NEW YORK (Reuters) - Wall Street advanced on Wednesday for the second straight day, as strong corporate earnings and renewed optimism about the U.S. economic recovery stoked investor risk appetite.
All three major U.S. stock indexes appeared set to build on the previous session’s gains, which delivered the S&P 500’s best day since March.
With Wednesday’s advance, all three are within 1% of their all-time closing highs.
Economically sensitive smallcaps, semiconductors and financials outperformed the broader market.
“Earnings have been coming in with some nice surprises and the market has responded well to the pullback last week,” said Matthew Keator, managing partner at the Keator Group, a wealth management firm in Lenox, Massachusetts.
A rebound in travel helped fuel United Airlines’ revenue beat, boosting its stock by 3.2%.
The S&P 1500 Airlines index gained 2.9%, while the S&P 1500 Hotels, Restaurant and Leisure index advanced 3.0%.
“The travel and tourism trade is heavily affected by pent-up demand, people wanting to be out and about and doing things,” Keator added. “It will be interesting to see if that starts to wane.”
Benchmark U.S. Treasury yields continued their bounce from five-month lows to the benefit of rate-sensitive banks. The S&P 500 Banking index gained 2.4%.
Wrangling in Washington over the passage of a bipartisan $1.2 trillion infrastructure package progressed as Senate Democrats moved toward a planned procedural vote despite Republican appeals for a delay.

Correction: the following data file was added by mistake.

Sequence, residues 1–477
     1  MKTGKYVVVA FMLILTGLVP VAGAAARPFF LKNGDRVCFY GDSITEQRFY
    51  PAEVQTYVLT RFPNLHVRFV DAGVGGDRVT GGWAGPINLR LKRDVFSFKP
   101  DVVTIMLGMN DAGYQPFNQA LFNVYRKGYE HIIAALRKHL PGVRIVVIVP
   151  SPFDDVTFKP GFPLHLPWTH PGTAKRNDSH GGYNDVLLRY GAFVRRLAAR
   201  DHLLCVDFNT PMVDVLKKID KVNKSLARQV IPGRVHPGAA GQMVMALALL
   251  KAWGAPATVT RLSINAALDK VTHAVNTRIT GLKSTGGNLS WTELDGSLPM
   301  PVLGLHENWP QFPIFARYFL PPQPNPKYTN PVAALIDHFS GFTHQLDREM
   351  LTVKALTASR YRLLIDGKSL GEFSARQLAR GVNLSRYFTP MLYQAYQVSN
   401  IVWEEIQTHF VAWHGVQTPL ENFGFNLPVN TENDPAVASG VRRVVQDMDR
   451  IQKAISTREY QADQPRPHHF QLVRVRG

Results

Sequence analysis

The Dow Jones Industrial Average rose 250.35 points, or 0.73%, to 34,762.34, the S&P 500 gained 29.18 points, or 0.67%, to 4,352.24 and the Nasdaq Composite added 93.49 points, or 0.64%, to 14,592.37.
Of the 11 major sectors in the S&P 500, energy stocks were the big winners, the group’s 3.9% advance helped by surging crude prices. [O/R]
Second-quarter reporting season has shifted into overdrive, with 73 of the companies in the S&P 500 having posted results. Of those, 88% have beaten consensus expectations.
Current estimates show aggregate year-on-year S&P 500 earnings growth of 75% for the April to June period, a significant jump from the 54% growth seen at the beginning of the quarter.
Among the winners, Chipotle Mexican Grill touched a record high, jumping 12.7% after the burrito chain beat earnings estimates and forecast strong current-quarter sales growth. The stock boasted the S&P 500’s largest percentage gain.
Coca-Cola rose 1.2% after raising its full-year forecast.
Verizon Communications advanced 1.1% following its earnings beat, which was attributed to growing demand for its 5G services.
Interpuplic Group of Companies jumped 12.5% in the wake of its upbeat earnings release.
Drugmaker Johnson & Johnson forecast $2.5 billion in sales from its one-shot COVID vaccine this year and hiked its sales estimates. Its was last up a modest 0.2%.
On the losing side, Netflix Inc late Tuesday reported slowing subscriber growth, sending its share down 4.1%, the largest percentage decliner in the S&P 500.
Harley-Davidson’s second-quarter earnings release showed its turnaround plan appeared to be making progress, but the company lowered its operating income guidance due to tariffs from Europe, its second-biggest market. Its shares dropped 6.6%.
Advancing issues outnumbered declining ones on the NYSE by a 3.04-to-1 ratio; on Nasdaq, a 3.23-to-1 ratio favored advancers.
The S&P 500 posted 35 new 52-week highs and no new lows; the Nasdaq Composite recorded 55 new highs and 30 new lows.
Reporting by Stephen Culp; Additional reporting by Devik Jain and Shreyashi Sanyal in Bengaluru; Editing by Cynthia Osterman